Padova. Have you guys heard of the place? It's also known as 'Padua'.
I had not heard of this little town until we started doing some research for our Europe trip. We wanted to visit Venice, however, we knew that staying 'on' Venice itself would be costly and figuring out how to drive in would be...well...difficult.
We had a family friend who stayed in Portogruaro before, which is apparently a lovely medieval town and only a short train ride out of Venice. Although after looking into it, we found it a little more expensive and maybe not quite what we were looking for.
I did though, find Padova on the map, 30-40 minutes out of Venice by train, with some interesting sights to see and overall a University town.
Padvoa is also home to Saint Anthony's cathedral (Bascilica di Sant' Antonio), which is probably the best known tourist site in Padova, with millions of pilgrims visiting every year to pay their respects.
Unfortunately no photos are allowed inside, but my gosh, I really do recommend a visit, I've been to Rome and seen all the beautiful churches and Bascilica's there, but this really was just amazing. Absolutely breathtaking artwork everywhere, statues and Saint Anthony's tomb encased in a gorgeously elaborate house of marble.
Then even had 'The Treasurey Chapel', which again, was gorgeous and where Saint' Anthony's tongue, jaw and left forearm are preserved and encased in an extensively detailed shell of marble and gold...and put on display. It was macabre but quite beautiful, which seems odd in a catholic church.
My Dad and I discussed and debated about art, religion and how weird it is that they decided to showcase Saint Anthony's tongue while walking through the rest of town.
Unlike a lot of the busy, well known cities, I really enjoyed the laid back atmosphere in Padova. The streets were narrow, there wasn't a lot of driving space for cars, so it was nice just to see people walking everywhere. Also, importantly to me, it felt incredibly safe. This was reflected in the locals, who openly carried expensive designer bags and left them on the chairs next to them while eating out, rather than in the protective position on their lap.
It's the little things y'know?
Padova also has a lot of squares, one of them, which I will not be showing off in this post, is actually the biggest square in Europe and one of the most beautiful in the world!
In one of the squares we came across, we found a little stand selling an odd assortment of curious, mostly seafood, eats. Which was manned by a very friendly, smiley man who commented on how beautiful my hair was. Aaah the Italians.
In the setting sun, we sat at the tables in the square, manned by bars and pretty much only serving drinks, a lovely lemonade for my brother and I, and a complimentary serving of crisps. But like, not store bought. As in, freshly fried, served in paper, with oil marks. Perfect.
So yes, we ate snails and boiled octopus, drowned in delicious olive oil and something kind of pesto-y, with toothpicks, all very fancy and what not, both were fairly tasty. I loved that this was the 'street food' of Italy, so different to Asia hey?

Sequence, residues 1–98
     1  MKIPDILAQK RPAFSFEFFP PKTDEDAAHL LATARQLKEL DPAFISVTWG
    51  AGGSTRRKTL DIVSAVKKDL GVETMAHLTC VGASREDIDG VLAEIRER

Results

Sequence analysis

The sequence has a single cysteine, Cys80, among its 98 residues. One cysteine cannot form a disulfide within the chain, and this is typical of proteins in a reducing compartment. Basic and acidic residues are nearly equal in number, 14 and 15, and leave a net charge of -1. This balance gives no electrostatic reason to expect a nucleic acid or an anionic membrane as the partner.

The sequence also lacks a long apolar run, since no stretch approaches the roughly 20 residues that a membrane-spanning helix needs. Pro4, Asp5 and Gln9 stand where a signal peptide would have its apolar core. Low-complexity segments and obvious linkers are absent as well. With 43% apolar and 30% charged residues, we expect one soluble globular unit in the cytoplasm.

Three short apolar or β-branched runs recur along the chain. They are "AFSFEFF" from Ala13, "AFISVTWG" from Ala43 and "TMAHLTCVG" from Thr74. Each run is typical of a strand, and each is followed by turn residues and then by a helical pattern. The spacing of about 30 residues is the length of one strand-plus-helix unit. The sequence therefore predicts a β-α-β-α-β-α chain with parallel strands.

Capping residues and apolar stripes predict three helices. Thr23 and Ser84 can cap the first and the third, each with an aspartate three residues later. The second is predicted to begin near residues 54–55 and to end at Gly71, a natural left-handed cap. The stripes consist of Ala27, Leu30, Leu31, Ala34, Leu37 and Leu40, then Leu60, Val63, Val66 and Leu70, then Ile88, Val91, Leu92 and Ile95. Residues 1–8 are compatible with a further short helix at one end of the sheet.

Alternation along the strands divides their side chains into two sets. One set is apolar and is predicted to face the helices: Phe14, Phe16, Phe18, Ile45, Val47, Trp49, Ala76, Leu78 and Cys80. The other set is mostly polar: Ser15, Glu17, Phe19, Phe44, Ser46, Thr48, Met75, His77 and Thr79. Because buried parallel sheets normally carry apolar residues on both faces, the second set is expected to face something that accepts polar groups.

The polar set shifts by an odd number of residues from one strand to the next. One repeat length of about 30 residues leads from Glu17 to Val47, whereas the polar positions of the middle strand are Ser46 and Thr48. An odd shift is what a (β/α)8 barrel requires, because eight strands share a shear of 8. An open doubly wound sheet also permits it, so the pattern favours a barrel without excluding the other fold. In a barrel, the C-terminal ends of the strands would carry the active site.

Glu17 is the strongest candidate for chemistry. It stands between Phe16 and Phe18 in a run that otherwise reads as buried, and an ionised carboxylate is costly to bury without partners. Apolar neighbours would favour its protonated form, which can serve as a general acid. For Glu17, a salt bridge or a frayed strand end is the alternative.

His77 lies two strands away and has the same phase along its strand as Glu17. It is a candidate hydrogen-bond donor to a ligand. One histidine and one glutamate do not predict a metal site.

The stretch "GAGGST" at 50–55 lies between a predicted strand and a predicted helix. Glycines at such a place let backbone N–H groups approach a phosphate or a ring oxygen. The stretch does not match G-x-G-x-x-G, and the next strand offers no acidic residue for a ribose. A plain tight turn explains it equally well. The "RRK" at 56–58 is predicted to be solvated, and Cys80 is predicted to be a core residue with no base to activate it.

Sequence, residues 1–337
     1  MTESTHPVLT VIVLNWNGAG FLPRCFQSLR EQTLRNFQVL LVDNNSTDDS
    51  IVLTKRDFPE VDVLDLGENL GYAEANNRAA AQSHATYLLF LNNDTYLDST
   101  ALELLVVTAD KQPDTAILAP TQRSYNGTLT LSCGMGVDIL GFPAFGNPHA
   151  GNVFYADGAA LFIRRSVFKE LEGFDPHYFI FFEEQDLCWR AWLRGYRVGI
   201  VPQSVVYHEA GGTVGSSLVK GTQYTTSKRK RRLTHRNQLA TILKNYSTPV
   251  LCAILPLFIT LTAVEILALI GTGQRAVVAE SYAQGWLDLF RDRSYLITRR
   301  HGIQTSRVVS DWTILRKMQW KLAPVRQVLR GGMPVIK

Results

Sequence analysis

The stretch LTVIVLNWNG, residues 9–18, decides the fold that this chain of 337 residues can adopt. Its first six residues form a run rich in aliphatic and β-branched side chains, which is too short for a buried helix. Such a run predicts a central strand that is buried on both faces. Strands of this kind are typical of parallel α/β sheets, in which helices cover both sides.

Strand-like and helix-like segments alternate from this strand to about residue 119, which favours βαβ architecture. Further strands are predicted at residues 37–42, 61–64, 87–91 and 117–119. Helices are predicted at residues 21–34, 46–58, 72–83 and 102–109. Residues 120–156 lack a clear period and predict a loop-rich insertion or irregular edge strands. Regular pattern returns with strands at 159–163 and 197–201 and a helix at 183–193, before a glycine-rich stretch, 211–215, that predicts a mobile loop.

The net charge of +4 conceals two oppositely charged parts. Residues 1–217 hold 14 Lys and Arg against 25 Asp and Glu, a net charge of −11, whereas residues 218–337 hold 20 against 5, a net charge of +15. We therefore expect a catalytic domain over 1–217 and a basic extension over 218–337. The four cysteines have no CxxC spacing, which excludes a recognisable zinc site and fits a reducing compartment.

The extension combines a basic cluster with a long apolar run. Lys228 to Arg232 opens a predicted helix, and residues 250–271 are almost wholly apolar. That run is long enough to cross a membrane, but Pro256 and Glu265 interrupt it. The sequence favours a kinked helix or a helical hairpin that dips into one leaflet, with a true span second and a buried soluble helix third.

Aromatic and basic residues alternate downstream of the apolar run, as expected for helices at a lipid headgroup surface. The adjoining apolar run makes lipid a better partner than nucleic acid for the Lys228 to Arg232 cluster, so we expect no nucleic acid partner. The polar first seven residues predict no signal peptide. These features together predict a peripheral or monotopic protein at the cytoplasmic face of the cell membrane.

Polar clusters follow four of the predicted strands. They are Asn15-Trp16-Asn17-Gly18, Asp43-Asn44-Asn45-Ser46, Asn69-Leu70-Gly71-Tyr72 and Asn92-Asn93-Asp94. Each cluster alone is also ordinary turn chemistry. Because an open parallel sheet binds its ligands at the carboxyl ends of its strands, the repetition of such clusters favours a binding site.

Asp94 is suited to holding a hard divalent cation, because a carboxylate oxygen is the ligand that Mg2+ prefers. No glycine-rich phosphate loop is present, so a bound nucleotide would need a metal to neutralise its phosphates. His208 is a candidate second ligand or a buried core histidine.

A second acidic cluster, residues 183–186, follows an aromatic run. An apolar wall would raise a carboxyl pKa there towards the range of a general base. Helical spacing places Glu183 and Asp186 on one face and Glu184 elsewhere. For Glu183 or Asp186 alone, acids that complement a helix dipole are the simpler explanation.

Don't look at the next two pictures if you're sensitive to snail cruelty.
We continued on to a neighbouring square, where even more seating, restaurants, bars and gelato stores could be found. Oh and that big ol' pretty clock. We decided just to plant ourselves in front of La Laterna, as dad was still feeling peckish and wanted a pizza.
And a pizza a dad a got! He asked for a mushroom pizza, but with extra mushroom, so for whatever reason the pizza actually came out a bit too...wet and soggy. Maybe they used canned mushrooms or something? But so much cheese. So much epic cheese!
Mum ordered her favourite, spaghetti vongole, generous portion of clams, perfectly cooked pasta. What else can I say?
I can't remember exactly what this was called, I do remember us trying to get the waitress to explain to us in broken English exactly what the dish was. Although I don't think I got quite what I expected, although I suppose I don't know what I was expecting either!
So basically, I got a plate of lightly battered and lightly fried seafood, prawns, calamari rings and some fish. It wasn't the most amazing thing flavour-wise, but I did enjoy that it was so light and not too heavy.
So my first impression of Padova? Love. I could totally hang out here for ages. Sipping on campari sodas (which are SO cheap), every evening and just strolling about town.
Staying in Padova is also so much more affordable than in Venice. Sure, the rooms are pretty small, but you get the same deal in any other big city, but for about the fraction of the price you would pay. We got a hotel room, albeit fairly sparse and basic, for 4 people, for 145 euro a night, which was located right in front of Saint Anthony's Cathedral. I think in Venice when I checked, for 4 people, I would have had to get two rooms, at absolutely minimum about 200 euro a night! Yikes!
So, charming city, charming food, lovely evening.
Piazza dei Signori, 3935139 Padua, Italy